The duck must be freshly bought, or entirely thawed. Go over it with a tweezer to pull out the more obvious feather remainders, and rinse out the cavity with cold water.
Whisk the ingredients listed above together until the sugar has dissolved. Place the duck in a roomy plastic bag, and pour in the sherry and soy-sauce mixture. Tighten the bag so that the duck is entirely covered by the marinade, and tie the top to prevent leakage. Place the package in an oval basin in the refrigerator to soak for at least twenty-four hours, tied end up (the duck can lie down, but the basin and the tied end up are so that the chance of a leak is lessened).
On the day that you will roast the duck, remove it from the refrigerator and drain the marinade into a saucepan. Bring the liquid to a boil and pour it over the duck (placed in a roomy pot for this purpose), in order to tighten the skin. Reheat the marinade, and repeat the pouring. Do this one time more. Pat the duck dry, place on a rack, and let air dry for an hour.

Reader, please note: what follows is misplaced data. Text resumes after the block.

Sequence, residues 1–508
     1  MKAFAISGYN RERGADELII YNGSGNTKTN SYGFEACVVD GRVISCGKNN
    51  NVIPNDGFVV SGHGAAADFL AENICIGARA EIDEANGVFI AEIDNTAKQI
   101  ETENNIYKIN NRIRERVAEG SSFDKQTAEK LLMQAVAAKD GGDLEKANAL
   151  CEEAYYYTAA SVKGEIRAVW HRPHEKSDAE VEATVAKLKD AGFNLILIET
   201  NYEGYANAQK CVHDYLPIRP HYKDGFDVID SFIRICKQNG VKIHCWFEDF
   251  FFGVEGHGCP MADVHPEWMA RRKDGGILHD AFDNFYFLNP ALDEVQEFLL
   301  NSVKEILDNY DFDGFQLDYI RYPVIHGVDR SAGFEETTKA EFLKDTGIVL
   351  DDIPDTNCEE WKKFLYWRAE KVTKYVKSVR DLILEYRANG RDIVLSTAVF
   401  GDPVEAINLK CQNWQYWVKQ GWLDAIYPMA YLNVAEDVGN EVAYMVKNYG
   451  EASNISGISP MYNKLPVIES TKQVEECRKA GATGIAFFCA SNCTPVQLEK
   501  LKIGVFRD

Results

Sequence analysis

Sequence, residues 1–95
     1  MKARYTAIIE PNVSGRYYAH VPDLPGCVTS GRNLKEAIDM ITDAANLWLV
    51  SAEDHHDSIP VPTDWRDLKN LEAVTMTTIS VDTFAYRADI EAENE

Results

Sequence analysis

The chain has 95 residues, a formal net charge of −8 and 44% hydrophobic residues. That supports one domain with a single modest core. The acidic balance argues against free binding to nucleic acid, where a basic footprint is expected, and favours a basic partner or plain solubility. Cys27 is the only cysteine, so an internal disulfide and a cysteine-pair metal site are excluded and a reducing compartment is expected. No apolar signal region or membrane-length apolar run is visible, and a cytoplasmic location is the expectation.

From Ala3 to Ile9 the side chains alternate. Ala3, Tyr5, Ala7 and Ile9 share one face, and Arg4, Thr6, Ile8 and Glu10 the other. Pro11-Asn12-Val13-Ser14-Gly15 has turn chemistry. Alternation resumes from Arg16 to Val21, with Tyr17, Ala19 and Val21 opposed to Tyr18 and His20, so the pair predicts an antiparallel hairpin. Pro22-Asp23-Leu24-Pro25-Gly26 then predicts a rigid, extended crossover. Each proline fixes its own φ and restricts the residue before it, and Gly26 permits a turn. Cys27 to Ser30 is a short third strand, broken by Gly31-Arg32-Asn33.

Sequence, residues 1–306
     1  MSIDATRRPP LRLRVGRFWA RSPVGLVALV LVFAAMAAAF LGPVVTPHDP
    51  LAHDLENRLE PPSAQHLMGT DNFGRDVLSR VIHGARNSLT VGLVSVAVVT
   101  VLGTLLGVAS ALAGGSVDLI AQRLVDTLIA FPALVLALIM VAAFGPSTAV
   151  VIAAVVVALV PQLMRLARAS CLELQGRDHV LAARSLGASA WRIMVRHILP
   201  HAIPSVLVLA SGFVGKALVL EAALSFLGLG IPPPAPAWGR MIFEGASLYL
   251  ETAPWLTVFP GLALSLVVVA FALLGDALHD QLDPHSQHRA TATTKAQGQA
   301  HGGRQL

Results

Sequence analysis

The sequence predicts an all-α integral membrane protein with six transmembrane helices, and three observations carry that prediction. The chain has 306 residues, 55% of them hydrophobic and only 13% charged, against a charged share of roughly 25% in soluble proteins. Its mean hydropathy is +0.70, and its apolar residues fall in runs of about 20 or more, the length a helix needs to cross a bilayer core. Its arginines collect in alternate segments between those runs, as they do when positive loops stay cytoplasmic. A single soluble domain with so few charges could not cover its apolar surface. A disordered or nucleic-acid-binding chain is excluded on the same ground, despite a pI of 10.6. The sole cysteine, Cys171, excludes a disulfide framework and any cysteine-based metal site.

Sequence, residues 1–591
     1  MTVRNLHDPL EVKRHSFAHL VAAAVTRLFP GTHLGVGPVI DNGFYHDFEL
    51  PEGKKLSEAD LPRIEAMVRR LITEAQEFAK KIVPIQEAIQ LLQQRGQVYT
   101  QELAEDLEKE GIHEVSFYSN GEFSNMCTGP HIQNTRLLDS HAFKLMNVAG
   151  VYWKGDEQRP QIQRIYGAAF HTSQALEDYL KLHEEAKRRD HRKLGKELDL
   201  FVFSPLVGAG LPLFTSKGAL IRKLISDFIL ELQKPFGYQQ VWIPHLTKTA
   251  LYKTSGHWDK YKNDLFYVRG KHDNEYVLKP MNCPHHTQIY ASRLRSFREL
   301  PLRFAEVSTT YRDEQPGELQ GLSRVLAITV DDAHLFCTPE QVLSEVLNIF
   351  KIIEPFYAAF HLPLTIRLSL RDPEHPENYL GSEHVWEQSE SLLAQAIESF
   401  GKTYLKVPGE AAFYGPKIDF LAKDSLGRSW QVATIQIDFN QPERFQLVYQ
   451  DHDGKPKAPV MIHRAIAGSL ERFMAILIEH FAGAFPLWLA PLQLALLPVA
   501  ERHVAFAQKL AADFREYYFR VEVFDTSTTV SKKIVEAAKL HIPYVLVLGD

Preheat the oven to 425 degrees. Prepare rack and roasting pan, with a layer of water in the roasting pan so the drippings do not smoke or burn. Roast the duck for one and a quarter hours, turning twice for an even colour. Start breast up, and finish breast up. Check on the beast occasionally to make sure he isn’t turning too dark (and if you fear this happening, place a tin-foil tent over him to prevent him colouring further).
Let the bird rest for half an hour on the kitchen counter before carving. When carving, use a pair of clean kitchen shears instead of hacking at it with a chefs knife – who says you have to make a dinner-table performance of it?
You could also hack it into chunks with a Chinese cleaver, like the fat guy at the take-out counter of the Sin Kam Po does.